Hyde’s volunteers in Deschutes County go a step beyond. Their collaborative work with the Confederated Tribes of Warm Springs connects them to a vibrant food system that’s thousands of years old. Last spring, tribal member and Master Food Preserver Rosanna Sanders, program assistant at the OSUExtension Warm Springs office, expressed concern that tribal members were pressure-canning traditional roots and tubers without specific directions for processing times.
Hyde was uncertain whether these low-acid roots could be safely substituted for tested root vegetables in a pressure-canning recipe. She consulted OSU Extension microbiologist Mark Daeschel. Daeschel determined that the directions and processing times for roots and tubers commonly harvested in the Warm Springs area were the same as those for carrots and potatoes.
Sanders and Sara Rogers, her Extension colleague, gave a canning workshop in Warm Springs last April—coinciding with root-digging season—and showed participants how to can the traditional root called luksh according to Daeschel’s recommendations. Participants liked the result, and a jar of canned luksh was sent to the tribal council for evaluation and approval. The workshop, says Hyde, was a satisfying blend of tribal wisdom and modern science.
The contoured hills along the Columbia River Gorge, dotted with fruit trees and rippled with grapevines, may look like the Garden of Eden. “But most of that produce is grown for export, and it’s very seasonal,” says Lauren Kraemer. “People are surprised to learn that our area has big problems with food insecurity.”
Kraemer, who runs Extension’s Family and Community Health programs in Hood River and Wasco counties, collaborates with many other food-related community efforts, greatly extending their reach and impact. For example, she’s a board member of the Gorge Grown Food Network, which worked with farmers, farmers markets, grocery stores, and local doctors to create Veggie Rx, a program to get fresh food into the hands of low-income people and keep food dollars in the community. A doctor “prescribes” $20 worth of fresh fruits and vegetables weekly to an eligible low-income person, who fills the prescription at a farmer’s market or local grocery.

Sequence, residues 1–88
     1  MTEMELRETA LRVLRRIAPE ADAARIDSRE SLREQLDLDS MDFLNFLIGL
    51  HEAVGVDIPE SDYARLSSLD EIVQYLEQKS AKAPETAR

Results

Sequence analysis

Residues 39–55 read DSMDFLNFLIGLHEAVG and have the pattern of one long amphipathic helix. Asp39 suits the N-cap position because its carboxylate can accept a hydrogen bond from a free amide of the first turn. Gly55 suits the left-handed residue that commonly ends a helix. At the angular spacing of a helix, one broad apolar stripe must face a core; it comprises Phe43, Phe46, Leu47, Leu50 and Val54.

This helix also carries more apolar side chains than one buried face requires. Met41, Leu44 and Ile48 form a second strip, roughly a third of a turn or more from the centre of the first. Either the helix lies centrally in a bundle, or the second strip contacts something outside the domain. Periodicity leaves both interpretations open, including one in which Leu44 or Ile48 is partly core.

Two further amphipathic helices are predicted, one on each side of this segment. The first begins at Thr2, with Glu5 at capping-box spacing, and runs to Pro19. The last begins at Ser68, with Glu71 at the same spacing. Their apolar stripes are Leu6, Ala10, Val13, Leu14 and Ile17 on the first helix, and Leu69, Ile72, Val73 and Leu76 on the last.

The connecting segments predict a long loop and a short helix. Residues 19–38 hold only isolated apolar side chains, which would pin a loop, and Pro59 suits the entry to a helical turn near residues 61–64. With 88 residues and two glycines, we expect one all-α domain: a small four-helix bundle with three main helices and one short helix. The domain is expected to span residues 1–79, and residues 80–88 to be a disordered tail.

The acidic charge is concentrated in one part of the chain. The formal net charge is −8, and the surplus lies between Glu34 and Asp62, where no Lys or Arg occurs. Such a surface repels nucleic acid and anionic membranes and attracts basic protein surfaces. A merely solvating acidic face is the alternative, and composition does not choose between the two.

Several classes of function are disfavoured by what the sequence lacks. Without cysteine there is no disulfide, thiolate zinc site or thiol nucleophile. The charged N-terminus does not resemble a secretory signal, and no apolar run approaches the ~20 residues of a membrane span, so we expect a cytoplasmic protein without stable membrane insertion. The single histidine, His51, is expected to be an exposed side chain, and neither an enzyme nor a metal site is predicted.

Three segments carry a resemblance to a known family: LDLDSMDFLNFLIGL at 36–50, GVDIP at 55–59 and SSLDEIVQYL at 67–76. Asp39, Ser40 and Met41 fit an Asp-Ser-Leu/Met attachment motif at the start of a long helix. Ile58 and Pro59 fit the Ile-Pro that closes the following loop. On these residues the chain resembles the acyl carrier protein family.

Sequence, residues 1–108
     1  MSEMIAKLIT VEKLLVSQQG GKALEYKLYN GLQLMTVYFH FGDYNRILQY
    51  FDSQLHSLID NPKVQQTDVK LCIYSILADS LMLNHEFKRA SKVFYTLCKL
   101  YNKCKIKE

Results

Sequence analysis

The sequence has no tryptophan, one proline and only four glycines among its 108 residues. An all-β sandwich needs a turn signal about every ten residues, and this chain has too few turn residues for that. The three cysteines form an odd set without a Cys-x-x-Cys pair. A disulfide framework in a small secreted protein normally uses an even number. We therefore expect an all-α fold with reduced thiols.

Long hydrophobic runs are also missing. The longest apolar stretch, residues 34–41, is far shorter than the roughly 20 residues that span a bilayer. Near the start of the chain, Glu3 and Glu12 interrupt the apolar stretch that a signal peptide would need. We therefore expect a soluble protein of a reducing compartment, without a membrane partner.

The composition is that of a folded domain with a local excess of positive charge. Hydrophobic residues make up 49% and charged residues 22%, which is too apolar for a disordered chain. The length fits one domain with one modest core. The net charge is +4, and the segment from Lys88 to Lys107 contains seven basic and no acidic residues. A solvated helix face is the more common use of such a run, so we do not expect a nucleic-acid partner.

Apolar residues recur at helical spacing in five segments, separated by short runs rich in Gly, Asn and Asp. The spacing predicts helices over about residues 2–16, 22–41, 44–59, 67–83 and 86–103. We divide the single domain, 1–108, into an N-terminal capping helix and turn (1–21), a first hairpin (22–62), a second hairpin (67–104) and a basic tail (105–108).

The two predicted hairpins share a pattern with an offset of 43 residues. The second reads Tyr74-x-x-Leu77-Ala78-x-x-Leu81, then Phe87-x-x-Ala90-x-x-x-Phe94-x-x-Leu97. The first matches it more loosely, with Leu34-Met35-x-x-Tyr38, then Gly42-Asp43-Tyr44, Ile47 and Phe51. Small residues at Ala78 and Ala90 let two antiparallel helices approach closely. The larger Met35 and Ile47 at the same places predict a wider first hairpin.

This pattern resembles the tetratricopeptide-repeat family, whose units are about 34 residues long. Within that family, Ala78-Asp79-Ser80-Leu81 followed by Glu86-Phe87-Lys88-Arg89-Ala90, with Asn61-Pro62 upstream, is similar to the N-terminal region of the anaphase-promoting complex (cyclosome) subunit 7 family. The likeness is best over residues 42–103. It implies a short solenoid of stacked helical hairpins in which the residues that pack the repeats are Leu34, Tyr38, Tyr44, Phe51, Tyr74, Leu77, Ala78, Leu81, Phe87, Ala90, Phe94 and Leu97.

Kraemer and her colleagues invite the Veggie Rx clients to community suppers at the Asbury Our Redeemer Partnership church in Hood River, site of the FISH food bank. Suppers are followed by a cooking class. The church also has a community garden in back. “Our hope and vision,” said Kraemer, “is to get folks to come and have fun working in the garden, and then harvest the food and cook it together, and then stay and learn about budgeting or cooking or healthy eating. In this way we can start to transform people’s relationship to food and empower them to be active participants in their own good nourishment.”
Sara Runkel, another Extension educator with “food systems” in her title, directs both the Small Farms program and the Master Food Preserver program in Douglas County. “In my small farms role, I work with farmers who want to make value-added products and sell them at farmers markets or local restaurants or stores.” And as the go-to Master Food Preserver, she helps them make products that are safe and legal.
Right now she’s working with the Roseburg newspaper to create a local food guide. She also brokers deals between local farmers and potential buyers such as grocery stores, restaurants, and school districts—a role that requires management of expectations on both sides. “It takes a lot of relationship-building,” Runkel says.
Kelly Streit would agree. Hired in 2011 to manage Family and Community Health programs in Clackamas County, Streit revamped her Master Food Preserver program to include workshops on basic household food management. “Teaching people how to can is great,” she says, “but I’m working with people who are trying not to run out of food before the end of the month.”
Streit’s volunteers have taught low-income people how to grow their own vegetables and how to shop and cook on a budget. To reach her target clients, she worked with county authorities to take her programs into low-income housing projects.
“You can’t just send out flyers and expect people to come,” she says. “You have to put in the time to build relationships. You have to put your face in their face.”
For Streit and her Extension colleagues, the road from “food” to “food systems” isn’t always straight or smooth. But it’s a road worth taking, she believes, because it embodies Extension’s core mission of taking research-based knowledge out to the people.
“I hired on to be a change-maker,” says Streit. “So I reach out to colleagues in the community. I say to them; ‘I need your help.’ I’ve learned that I have to get the right partners to the table. Then I make sure we’re communicating, so we’re not duplicating each other’s work.
“And then we go ahead and do work that’s meaningful, impactful—work that makes a difference.”